How M&A in 2023 started in the year's first week
Two of the publicly traded contractors in our coverage universe were not the only ones to announce acquisitions in the first week of this new year.
The 2023 cycle of mergers and acquisitions officially got going this week when L3Harris Technologies completed its nearly $2 billion acquisition of the Viasat tactical data link business, first announced late last year.
Tetra Tech then revealed its purchase of the cyber services outfit Amyx.
On top of those deals were three more transactions that hit the wire in the first week of the new year.
Here is a snapshot of that trio: none of which disclosed the terms, two of which involve drone technology.
This government services company is seeking more of a technology-centered footprint through its acquisition of Xcel Engineering, a provider of IT and engineering solutions to government agencies.
Xcel's range of offerings covers areas such as IT staffing, IT solutions, environmental engineering, and project management and consulting.
Huntsville, Alabama-headquartered MartinFed has appointed one of its executive vice presidents in Jim Page, a recent hire, to lead the Xcel business when he joins the leadership team in March.
Xcel bases its headquarters in Oak Ridge, Tennessee. The companies plan to expand that presence in Oak Ridge, which is home to the national laboratory named for its location and the Y-12 National Security Complex for manufacturing nuclear components.
This airspace security technology company is looking to incorporate more of a hardware focus into its portfolio through the purchase of Aerial Armor, a maker of counter-drone systems.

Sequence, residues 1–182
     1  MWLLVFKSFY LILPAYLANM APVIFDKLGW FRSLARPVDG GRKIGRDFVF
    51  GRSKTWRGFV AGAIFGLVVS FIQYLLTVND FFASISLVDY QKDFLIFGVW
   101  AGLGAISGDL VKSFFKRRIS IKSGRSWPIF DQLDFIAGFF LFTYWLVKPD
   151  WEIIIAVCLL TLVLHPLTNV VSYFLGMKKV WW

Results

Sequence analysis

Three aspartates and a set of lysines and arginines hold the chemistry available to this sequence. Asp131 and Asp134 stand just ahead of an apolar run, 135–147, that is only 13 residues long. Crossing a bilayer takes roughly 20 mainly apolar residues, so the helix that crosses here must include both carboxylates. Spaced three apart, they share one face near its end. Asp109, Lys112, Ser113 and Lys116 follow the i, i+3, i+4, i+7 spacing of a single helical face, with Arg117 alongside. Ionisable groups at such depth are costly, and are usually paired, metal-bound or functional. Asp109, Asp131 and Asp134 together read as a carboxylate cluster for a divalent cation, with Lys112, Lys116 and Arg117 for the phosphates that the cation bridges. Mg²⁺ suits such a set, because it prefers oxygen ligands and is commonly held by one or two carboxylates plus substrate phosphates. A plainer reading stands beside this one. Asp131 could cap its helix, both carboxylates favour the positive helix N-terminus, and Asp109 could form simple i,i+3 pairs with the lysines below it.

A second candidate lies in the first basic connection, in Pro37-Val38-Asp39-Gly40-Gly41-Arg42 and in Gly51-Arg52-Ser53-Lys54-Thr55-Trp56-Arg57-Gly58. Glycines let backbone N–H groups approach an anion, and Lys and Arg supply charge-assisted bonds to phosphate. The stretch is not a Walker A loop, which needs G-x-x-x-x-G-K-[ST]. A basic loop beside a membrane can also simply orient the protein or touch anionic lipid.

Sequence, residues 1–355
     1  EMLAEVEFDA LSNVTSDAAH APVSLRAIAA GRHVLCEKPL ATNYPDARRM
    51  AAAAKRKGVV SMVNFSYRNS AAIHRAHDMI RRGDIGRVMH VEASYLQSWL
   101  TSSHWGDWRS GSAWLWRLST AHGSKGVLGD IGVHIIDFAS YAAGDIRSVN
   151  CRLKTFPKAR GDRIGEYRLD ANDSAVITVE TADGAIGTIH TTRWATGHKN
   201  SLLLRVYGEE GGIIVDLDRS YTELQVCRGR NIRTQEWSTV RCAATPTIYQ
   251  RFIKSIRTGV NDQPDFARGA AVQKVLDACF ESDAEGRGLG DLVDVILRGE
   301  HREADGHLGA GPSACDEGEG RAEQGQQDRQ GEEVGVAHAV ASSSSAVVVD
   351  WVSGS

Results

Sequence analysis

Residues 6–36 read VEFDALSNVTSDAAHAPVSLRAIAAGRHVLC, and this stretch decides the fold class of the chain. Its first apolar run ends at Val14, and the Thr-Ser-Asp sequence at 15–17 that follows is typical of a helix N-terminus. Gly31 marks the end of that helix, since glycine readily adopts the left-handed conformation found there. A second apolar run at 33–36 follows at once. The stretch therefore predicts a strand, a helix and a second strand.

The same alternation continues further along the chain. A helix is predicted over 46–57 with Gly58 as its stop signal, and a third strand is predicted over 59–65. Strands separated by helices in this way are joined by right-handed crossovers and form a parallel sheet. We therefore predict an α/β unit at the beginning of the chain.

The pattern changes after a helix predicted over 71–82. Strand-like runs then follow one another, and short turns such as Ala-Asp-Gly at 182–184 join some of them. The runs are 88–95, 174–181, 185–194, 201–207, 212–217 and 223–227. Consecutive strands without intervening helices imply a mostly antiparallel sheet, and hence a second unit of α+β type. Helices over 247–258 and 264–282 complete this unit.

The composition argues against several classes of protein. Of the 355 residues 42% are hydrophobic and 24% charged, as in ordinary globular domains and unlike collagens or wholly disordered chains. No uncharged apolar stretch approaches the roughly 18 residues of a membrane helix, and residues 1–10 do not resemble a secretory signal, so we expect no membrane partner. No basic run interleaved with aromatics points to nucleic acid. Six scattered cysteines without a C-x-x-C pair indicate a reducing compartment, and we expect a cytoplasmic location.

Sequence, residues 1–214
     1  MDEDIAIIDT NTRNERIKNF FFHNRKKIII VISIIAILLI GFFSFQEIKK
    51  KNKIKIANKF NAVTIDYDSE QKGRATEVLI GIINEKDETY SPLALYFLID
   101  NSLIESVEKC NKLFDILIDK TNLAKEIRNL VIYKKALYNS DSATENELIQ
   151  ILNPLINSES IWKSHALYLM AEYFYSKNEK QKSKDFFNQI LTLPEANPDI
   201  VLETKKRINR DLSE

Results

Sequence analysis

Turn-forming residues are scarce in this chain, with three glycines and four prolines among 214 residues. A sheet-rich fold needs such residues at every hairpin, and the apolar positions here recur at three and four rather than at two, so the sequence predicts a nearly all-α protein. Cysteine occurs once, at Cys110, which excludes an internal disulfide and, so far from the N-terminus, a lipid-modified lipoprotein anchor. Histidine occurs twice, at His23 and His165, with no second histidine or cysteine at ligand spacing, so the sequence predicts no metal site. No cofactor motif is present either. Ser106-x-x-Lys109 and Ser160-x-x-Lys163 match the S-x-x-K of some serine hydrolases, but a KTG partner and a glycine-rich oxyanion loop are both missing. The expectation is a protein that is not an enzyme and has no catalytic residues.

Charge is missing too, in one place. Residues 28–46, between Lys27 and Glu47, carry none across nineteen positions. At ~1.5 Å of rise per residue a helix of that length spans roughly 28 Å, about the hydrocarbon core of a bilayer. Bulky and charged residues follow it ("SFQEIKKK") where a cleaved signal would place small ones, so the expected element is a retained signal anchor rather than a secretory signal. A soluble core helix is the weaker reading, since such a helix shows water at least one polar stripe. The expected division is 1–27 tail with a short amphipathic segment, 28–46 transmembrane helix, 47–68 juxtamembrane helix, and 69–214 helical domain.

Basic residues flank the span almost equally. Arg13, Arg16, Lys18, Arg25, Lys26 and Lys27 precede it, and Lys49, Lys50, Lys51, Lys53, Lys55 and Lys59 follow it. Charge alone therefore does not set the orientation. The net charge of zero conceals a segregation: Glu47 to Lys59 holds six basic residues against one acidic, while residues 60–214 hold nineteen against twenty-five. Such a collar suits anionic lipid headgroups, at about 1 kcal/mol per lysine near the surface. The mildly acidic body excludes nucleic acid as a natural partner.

Dedrone views this acquisition as helping it build out a platform with multiple sensors and a single user interface that helps customers detect, track, identify and mitigate unmanned aerial vehicles. Governments, critical infrastructure sites, airports and prisons are among the users of Dedrone's products.
Aerial Armor's CEO Russ Haugan and chief technology officer Matt Altman will remain with the combined company, Dedrone said.
Kroll was the financial adviser to Aerial Armor. Other advisers on the sell-side were Crowell & Moring for legal matters, plus Warren Everett on tax and accounting.
This unmanned aircraft systems maker is pushing into the next phase of its growth strategy with an agreement to be acquired by Highlander Partners, a private equity firm taking a specific interest in that technology.
Highlander stood up a holding firm in the spring of 2022 called High Point to acquire and bring together counter-UAS technology businesses. DZYNE represents acquisition number two for that ongoing effort with the first transaction announced in December, where Highlander bought Liteye Systems.
DZYNE designs its vehicles with embedded artificial intelligence functionality in order to enable autonomous flight, full-motion video, processing, targeting and tracking features.
Houlihan Lokey acted as financial adviser to DZYNE and SheppardMullin provided legal support on the sell side. Baker McKenzie worked as Highlander’s legal counsel and Regions Bank was financial adviser on the buy side.